MICKEY CHARLES ROBINETT, APPELLANT v. THE STATE OF TEXAS, APPELLEE
ON ABATEMENT AND REMAND
Appellant Mickey Charles Robinett appeals from his jury convictions for aggravated sexual assault, inducing a child to engage in sexual conduct, and indecent exposure and the resulting concurrent sentences. Appellant's appointed counsel filed a motion to withdraw, together with a brief pursuant to Anders v. California, 386 U.S. 738, 744–45, 87 S.Ct. 1396, 18 L.Ed.2d 493 (1967), wherein he certified that, after diligently searching the record, he found the appeal without arguable merit. Along with his brief, he also filed a copy of a letter he sent to appellant informing him of his conclusion and of appellant's right to appeal pro se. This court notified appellant of his right to file his own brief or response. Appellant has not done so.
It is the duty of a criminal defense attorney to zealously represent the interests of his client on appeal. In re Schulman, 252 S.W.3d 403, 406 (Tex.Crim.App.2008). If the appointed attorney finds the “case to be wholly frivolous, after a conscientious examination of it, he should so advise the court and request permission to withdraw.” Id., quoting Anders, 286 U.S. at 744. The brief filed in an Anders situation is “an assurance to the appellate court that the attorney has indeed made a thorough and conscientious examination of the record, has provided the appellate court with the appropriate facts of the case and its procedural history, and has pointed out any potentially plausible points of error.” 252 S.W.3d at 406.
When we receive a brief filed pursuant to Anders, we may not simply accept counsel's conclusion that the appeal is baseless. Instead, we too must review the record to determine if there is an arguable ground for appeal. Stafford v. State, 813 S.W.2d 503, 511 (Tex.Crim.App.1991).
This case involved a thirteen-count indictment. Six counts were waived by the State and seven were submitted to the jury. The jury trial spanned three days. Ten witnesses testified for the State. Appellant called three witnesses and testified on his own behalf. The jury found appellant guilty of all seven submitted counts and appellant was sentenced to concurrent sentences of 60 years for each of the two aggravated sexual assault of a child convictions, 20 years for each of the four sexual performance by a child convictions and 10 years for the indecency with a child conviction. In analyzing the record, counsel raised an issue concerning the court's decision on the proper outcry witness. Having reviewed the record, we find the court's decision on that issue presents an arguable appellate issue, at least as to some counts. We note also that appellate counsel identified other rulings on evidentiary matters that were adverse to appellant, but did not explain why they do not present arguable appellate points. We do not comment on the ultimate merit of these or any other potential appellate issues, but we do find further briefing is necessary.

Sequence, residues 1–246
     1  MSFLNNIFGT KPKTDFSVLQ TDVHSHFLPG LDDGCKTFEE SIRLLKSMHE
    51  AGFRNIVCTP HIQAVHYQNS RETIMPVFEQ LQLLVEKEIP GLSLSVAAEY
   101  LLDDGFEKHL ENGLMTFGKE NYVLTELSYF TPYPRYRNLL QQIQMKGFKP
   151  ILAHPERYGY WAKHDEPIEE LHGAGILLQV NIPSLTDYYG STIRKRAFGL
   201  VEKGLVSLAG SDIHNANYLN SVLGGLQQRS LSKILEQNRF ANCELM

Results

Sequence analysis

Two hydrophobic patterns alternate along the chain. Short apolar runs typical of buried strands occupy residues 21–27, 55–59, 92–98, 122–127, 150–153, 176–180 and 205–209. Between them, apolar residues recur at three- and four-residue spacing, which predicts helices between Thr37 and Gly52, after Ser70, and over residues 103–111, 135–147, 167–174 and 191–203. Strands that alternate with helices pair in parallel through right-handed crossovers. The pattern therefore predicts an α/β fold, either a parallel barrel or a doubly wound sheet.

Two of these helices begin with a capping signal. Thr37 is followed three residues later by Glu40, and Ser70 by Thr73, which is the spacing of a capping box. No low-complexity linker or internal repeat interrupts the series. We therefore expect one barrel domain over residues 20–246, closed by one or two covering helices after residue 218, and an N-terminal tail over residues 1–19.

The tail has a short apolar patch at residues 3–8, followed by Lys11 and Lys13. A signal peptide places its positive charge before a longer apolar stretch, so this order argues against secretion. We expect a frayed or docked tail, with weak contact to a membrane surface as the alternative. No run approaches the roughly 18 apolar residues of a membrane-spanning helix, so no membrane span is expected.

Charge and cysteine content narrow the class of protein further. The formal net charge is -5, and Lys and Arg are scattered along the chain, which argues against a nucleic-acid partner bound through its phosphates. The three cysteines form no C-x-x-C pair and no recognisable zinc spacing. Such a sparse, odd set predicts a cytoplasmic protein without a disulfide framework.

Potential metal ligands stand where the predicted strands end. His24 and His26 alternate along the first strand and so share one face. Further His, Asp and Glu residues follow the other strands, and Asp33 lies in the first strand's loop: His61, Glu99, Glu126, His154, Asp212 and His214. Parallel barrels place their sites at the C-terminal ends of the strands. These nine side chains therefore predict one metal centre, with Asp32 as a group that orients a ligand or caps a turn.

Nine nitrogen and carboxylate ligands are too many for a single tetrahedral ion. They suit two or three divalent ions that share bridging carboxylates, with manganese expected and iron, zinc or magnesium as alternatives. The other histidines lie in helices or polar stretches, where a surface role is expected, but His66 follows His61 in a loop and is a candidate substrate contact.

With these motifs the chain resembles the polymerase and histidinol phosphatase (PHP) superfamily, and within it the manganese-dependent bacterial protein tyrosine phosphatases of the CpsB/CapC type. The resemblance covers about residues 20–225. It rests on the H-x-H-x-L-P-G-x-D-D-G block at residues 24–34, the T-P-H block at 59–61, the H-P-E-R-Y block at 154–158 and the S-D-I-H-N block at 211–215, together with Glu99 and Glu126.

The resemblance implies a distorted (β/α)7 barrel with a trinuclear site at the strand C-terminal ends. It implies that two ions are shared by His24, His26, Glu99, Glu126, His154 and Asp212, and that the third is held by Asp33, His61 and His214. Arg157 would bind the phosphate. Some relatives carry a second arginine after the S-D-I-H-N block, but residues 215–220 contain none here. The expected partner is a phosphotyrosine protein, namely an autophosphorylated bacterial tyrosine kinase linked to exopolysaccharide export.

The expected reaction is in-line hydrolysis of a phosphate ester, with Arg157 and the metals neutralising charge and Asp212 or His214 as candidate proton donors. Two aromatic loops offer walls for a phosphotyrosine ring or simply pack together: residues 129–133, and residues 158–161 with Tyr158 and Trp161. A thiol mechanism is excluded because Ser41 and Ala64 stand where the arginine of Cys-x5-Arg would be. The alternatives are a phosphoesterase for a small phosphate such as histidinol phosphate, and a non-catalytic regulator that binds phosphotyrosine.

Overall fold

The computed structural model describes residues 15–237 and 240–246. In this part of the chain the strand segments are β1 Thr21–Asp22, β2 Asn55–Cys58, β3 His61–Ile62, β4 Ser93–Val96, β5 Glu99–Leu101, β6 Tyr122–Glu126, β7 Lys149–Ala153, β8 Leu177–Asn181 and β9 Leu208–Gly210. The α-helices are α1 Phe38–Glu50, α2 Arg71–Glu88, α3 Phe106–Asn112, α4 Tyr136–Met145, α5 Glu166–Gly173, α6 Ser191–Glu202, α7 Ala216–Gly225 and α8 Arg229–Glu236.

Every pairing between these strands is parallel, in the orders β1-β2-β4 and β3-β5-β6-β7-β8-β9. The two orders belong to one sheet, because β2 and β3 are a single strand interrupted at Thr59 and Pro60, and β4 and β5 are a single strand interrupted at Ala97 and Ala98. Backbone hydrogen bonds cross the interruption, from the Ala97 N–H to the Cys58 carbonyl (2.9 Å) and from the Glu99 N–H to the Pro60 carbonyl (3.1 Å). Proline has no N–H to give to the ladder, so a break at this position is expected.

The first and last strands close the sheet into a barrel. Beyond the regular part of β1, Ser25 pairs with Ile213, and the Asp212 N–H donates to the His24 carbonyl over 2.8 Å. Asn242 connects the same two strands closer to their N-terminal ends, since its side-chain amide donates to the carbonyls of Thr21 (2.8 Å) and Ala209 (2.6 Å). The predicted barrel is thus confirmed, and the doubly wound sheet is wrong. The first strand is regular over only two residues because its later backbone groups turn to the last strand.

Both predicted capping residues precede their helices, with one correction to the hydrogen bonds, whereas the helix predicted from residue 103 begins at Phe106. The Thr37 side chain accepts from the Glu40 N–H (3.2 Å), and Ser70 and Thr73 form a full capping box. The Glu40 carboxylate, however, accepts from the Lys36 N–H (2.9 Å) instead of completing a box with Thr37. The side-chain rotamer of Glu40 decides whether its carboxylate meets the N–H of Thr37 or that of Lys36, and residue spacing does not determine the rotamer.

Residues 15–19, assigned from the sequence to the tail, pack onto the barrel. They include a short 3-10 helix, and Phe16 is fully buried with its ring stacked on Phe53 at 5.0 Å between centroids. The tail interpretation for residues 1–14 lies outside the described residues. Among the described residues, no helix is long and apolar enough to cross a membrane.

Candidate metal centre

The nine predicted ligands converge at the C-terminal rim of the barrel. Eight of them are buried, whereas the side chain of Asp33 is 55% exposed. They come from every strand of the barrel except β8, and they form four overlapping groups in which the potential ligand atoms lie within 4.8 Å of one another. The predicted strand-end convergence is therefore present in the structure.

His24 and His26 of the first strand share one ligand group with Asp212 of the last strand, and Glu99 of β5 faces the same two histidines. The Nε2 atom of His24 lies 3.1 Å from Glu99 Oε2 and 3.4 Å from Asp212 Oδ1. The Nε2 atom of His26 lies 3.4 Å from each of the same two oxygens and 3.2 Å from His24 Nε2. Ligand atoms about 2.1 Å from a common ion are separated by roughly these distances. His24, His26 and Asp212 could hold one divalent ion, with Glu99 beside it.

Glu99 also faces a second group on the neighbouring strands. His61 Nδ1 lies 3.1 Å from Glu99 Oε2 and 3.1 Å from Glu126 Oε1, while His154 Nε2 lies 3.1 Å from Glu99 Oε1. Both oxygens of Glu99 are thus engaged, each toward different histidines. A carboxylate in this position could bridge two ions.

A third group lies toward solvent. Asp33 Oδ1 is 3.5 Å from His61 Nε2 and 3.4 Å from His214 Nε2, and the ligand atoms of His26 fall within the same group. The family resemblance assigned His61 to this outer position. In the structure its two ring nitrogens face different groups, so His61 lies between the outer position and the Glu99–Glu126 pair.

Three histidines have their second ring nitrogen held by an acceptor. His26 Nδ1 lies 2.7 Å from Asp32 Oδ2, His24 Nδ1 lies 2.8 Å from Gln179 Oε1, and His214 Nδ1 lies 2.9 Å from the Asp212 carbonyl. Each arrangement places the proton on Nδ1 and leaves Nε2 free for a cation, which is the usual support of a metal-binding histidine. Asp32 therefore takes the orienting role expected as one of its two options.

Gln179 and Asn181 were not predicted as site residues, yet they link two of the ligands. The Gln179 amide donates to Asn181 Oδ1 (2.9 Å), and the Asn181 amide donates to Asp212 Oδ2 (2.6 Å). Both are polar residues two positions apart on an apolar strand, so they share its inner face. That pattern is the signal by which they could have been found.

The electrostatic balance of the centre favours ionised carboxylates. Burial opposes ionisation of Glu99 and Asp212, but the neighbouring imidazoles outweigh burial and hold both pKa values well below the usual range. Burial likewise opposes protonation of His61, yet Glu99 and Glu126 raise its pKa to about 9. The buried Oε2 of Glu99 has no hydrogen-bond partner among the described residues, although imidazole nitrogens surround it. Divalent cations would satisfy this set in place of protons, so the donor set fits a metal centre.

Accordingly, we abate the matter and remand the cause to the 355 th Judicial District Court of Hood County, Texas. See Stafford, 813 S.W.2d at 511. On remand, the trial court is ordered to appoint a new attorney to represent appellant in his appeal. Next, the trial court shall cause the name, address, and state bar number of the newly appointed counsel to be included in a supplemental clerk's record. That supplemental record shall be filed by the trial court with the clerk of this court on or before April 28, 2011. Appellant's newly-appointed counsel shall prepare and file an appellant's brief addressing the outcry witness issue and any other arguably meritorious issues counsel identifies. The brief shall be due thirty days from the date of the trial court's order appointing counsel.
Finally, because the opinion expressed by appellant's current attorney could be viewed as creating a conflict of interest, we grant his motion to withdraw.
It is so ordered.
Do not publish.